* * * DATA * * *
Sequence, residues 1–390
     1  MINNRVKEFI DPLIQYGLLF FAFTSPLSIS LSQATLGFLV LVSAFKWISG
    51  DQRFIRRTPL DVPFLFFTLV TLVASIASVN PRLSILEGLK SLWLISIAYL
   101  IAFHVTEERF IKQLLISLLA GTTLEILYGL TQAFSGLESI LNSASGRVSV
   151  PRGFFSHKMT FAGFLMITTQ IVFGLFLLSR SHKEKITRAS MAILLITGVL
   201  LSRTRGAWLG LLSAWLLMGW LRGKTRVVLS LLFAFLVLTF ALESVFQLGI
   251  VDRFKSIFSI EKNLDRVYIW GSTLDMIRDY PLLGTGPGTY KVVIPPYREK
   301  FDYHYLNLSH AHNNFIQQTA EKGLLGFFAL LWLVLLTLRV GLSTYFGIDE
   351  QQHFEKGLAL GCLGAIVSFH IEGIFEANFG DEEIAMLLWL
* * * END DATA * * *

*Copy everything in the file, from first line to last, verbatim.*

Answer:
Sequence, residues 1–390
     1  MINNRVKEFI DPLIQYGLLF FAFTSPLSIS LSQATLGFLV LVSAFKWISG
    51  DQRFIRRTPL DVPFLFFTLV TLVASIASVN PRLSILEGLK SLWLISIAYL
   101  IAFHVTEERF IKQLLISLLA GTTLEILYGL TQAFSGLESI LNSASGRVSV
   151  PRGFFSHKMT FAGFLMITTQ IVFGLFLLSR SHKEKITRAS MAILLITGVL
   201  LSRTRGAWLG LLSAWLLMGW LRGKTRVVLS LLFAFLVLTF ALESVFQLGI
   251  VDRFKSIFSI EKNLDRVYIW GSTLDMIRDY PLLGTGPGTY KVVIPPYREK
   301  FDYHYLNLSH AHNNFIQQTA EKGLLGFFAL LWLVLLTLRV GLSTYFGIDE
   351  QQHFEKGLAL GCLGAIVSFH IEGIFEANFG DEEIAMLLWL